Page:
·       Moderate neuronal apoptosis

·       Calretinin staining of spheroids can identify neural tracts affected by the disease

·       GFAP can highlight glial scarring due to degeneration and loss of axons



·       Equine motor neuron disease- clinically similar syndrome to EDM with degenerative changes in the brainstem; older horses; slightly different anatomic locations affected; vitamin E deficiency may play a role in the disease

·       Cervical stenotic myelopathy (Wobbler syndrome) – axonal degeneration and demyelination

·       Equine protozoal myeloencephalitis (Sarcocystis neurona) – necrotizing, nonsuppurative myeloencephalitis, axonal degeneration, schizonts and merozoites

·       Cauda equina syndrome (idiopathic polyradiculoneuritis) – granulomatous inflammation around cauda equine

·       Equine herpesvirus-1 (alphaherpesvirus) myeloencephalopathy – vasculitis and necrosis in spinal cord and brain; often accompanies or follows respiratory disease and abortions

·       Perinneal rye grass staggers (Lolium perenne) – no specific pathologic changes; can have axonal swelling, especially in Purkinje cells (torpedoes)

·       Parasite migration – Strongylus sp., Hypoderma sp.



Demyelinating diseases:

·       Neuroaxonal dystrophy in Morgan horses: Clinically similar syndrome to EDM with degenerative changes in the brainstem; vitamin E deficiency may play a role in the disease

·       Zebras and Mongolian wild horses (Equus przewalskii):  Have a syndrome clinically and pathologically similar to equine degenerative myeloencephalopathy

·       German shepherd dogs:  Degenerative myelopathy – spinal cord demyelination and vacuolation, axonal degeneration and loss

·       Welsh Corgi: Axonal loss (complete loss of recognizable fiber cylinders); degeneration (distended myelin cylinders with empty or degenerating axon profiles) with lesion severity greatest at spinal cord segment T12, but similar patterns of axonal loss and degeneration identified at all levels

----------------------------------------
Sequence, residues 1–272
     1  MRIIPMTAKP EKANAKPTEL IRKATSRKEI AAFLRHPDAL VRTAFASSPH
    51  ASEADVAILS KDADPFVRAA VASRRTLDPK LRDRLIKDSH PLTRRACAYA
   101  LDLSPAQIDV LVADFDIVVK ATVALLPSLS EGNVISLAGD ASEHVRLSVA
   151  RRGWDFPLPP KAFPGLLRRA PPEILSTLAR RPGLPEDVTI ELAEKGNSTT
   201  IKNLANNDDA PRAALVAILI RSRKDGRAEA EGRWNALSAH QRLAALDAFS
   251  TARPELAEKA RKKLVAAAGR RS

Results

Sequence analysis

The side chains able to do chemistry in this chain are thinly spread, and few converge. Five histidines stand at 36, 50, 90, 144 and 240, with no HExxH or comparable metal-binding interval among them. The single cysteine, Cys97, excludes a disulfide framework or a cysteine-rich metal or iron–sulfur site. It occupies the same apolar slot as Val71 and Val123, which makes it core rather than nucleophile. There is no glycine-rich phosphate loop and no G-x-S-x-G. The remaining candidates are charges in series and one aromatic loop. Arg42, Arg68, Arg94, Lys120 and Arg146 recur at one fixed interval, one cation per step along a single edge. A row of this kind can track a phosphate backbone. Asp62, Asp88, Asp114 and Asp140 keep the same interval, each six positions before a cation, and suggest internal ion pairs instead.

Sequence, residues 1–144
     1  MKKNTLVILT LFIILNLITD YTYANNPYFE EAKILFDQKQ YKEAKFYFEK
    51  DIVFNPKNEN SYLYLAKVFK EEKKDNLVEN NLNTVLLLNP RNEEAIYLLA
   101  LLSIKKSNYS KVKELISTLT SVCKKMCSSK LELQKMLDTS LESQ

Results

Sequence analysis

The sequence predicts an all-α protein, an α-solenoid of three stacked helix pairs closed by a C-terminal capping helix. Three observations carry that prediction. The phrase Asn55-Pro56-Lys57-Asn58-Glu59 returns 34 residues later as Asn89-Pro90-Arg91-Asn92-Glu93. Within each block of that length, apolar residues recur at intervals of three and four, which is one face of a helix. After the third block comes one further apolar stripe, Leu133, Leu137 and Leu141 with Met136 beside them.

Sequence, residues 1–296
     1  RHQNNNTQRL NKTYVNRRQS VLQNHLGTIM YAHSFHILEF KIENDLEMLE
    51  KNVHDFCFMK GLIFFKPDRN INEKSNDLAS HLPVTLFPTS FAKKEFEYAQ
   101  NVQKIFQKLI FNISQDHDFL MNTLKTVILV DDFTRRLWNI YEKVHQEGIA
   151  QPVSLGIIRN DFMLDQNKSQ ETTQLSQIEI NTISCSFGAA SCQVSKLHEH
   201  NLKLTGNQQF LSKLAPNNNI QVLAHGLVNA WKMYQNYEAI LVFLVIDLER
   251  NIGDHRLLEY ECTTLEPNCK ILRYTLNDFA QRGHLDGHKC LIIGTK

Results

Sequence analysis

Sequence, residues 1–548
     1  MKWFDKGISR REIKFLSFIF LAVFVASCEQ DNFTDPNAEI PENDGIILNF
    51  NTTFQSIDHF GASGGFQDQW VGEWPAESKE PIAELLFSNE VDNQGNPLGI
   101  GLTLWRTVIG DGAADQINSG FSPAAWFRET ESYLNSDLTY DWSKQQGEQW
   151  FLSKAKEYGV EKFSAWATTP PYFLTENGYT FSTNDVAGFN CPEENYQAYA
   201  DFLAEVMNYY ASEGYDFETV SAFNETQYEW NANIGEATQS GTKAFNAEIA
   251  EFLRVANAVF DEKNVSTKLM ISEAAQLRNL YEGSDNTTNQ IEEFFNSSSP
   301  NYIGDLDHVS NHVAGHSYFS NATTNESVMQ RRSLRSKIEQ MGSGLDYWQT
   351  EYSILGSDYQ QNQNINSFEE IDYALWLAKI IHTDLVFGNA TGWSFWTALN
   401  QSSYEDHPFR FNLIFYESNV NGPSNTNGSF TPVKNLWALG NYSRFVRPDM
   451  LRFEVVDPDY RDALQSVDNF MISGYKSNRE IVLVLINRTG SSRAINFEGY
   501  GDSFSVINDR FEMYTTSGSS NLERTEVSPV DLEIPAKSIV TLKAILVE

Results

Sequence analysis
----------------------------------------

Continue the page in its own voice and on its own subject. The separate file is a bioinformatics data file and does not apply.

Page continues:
1.      Finno CJ, Valber SJ, Shivers J, D’Ameida E, Armien AG.  Evidence of the primary afferent tracts undergoing neurodegeneration in horses with equine degenerative myeloencephalopathy based on calretinin immunohistochemical localization.  Vet Pathol. 2016; 53(1):77-86.  

2.      Gandini G, Fatzer R, Mariscoli M, Spadari A, Cipone M, Jaggy A. Equine degenerative myelopathy in five quarter horses: Clinical and neuropathological findings. Equine Vet J. 2004:36(1):83-85.

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6.      Mackay RJ, Van Metre DC. Diseases of the nervous system. In: Smith BP, ed. Large Animal Internal Medicine. 5th ed. St. Louis, MO: Mosby Elsevier; 2015:988-989.

7.      March PA, Coates JR, Abyad RA, Williams DA, O"Brien DP, Olby NJ, Keating JH, and Oglesbee M. Degenerative myelopathy in 18 Pembroke Welsh corgi dogs. Vet Pathol. 2009;46:241.

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9.      Naylor RJ, Priestnall SL, Turk AC, Summers BA, Schoniger S, Piercy RJ. Equine degenerative myeloencephalopathy in a horse in the UK.  Vet Rec. 2010;167(10):380-381.

10.   Radostits OM, Gay CC, Hinchcliff KW, Constable PD. Diseases of the spinal cord.  In: Radostits OM, Gay CC, Hinchcliff KW, Constable PD, eds. Veterinary Medicine a Textbook of the Diseases of Cattle, Horses, Sheep Pigs and Goats. 10th ed. Philadelphia, PA: Saunders Elsevier; 2007:617.

11.   Summers BA, Cummings JF, de Lahunta A.  Veterinary Neuropathology.  St. Louis, MO: Mosby-Year Book Inc; 1995:167-169,317-319.

12.   Wong DM, Ghosh A, Fales-Williams AJ, Haynes, Kanthasamy AG. Evidence of oxidative injury of the spinal cord in 2 Horses with equine degenerative myeloencephalopathy Vet Pathol. 2012;49(6):1049-1053.